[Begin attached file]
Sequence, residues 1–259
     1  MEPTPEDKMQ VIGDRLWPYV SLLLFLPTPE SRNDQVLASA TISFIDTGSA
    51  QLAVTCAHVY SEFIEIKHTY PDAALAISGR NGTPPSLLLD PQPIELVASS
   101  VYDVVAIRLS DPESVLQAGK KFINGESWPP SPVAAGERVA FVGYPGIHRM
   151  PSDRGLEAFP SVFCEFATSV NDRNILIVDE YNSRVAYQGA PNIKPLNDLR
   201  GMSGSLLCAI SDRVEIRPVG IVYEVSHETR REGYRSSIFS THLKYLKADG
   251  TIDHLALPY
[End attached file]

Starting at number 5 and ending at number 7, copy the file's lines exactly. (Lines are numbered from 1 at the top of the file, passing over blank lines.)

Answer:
   151  PSDRGLEAFP SVFCEFATSV NDRNILIVDE YNSRVAYQGA PNIKPLNDLR
   201  GMSGSLLCAI SDRVEIRPVG IVYEVSHETR REGYRSSIFS THLKYLKADG
   251  TIDHLALPY